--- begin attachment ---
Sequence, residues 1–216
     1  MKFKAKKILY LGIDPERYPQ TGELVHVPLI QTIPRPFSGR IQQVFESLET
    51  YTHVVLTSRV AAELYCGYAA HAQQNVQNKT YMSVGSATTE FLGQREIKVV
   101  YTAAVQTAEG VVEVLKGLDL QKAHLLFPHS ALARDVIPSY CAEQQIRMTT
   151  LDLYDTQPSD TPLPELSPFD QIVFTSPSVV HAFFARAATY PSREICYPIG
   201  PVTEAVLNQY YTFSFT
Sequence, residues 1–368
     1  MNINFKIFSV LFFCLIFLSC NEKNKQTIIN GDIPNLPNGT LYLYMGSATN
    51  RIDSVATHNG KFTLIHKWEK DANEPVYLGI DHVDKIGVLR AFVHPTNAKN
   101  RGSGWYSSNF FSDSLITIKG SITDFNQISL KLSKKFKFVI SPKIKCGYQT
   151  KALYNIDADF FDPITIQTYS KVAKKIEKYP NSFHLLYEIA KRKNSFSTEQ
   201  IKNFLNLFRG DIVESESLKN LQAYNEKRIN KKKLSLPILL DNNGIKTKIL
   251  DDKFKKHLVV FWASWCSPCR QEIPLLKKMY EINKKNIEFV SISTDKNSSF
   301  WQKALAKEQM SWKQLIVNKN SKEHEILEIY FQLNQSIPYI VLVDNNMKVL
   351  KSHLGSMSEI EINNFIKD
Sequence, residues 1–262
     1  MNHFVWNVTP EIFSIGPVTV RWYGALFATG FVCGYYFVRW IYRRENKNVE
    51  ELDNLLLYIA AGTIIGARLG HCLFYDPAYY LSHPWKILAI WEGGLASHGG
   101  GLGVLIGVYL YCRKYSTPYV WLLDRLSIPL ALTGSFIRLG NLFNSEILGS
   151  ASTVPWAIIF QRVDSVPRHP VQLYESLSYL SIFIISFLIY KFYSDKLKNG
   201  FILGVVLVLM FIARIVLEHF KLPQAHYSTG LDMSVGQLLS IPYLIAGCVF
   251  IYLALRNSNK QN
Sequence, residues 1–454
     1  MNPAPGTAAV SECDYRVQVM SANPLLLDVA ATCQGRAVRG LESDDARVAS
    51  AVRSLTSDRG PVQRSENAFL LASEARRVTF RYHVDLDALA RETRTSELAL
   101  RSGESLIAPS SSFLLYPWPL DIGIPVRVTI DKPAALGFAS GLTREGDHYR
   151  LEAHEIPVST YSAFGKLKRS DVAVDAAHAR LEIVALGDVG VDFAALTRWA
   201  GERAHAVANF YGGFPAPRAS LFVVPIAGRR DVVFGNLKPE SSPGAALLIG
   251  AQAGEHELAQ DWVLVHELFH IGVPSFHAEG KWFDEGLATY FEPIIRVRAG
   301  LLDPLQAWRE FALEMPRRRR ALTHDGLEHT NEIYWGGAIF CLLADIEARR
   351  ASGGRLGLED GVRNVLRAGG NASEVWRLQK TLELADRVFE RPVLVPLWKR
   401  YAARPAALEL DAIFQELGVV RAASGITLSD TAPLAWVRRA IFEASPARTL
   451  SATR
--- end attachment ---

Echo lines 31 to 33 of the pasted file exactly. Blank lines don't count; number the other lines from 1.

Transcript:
   351  ASGGRLGLED GVRNVLRAGG NASEVWRLQK TLELADRVFE RPVLVPLWKR
   401  YAARPAALEL DAIFQELGVV RAASGITLSD TAPLAWVRRA IFEASPARTL
   451  SATR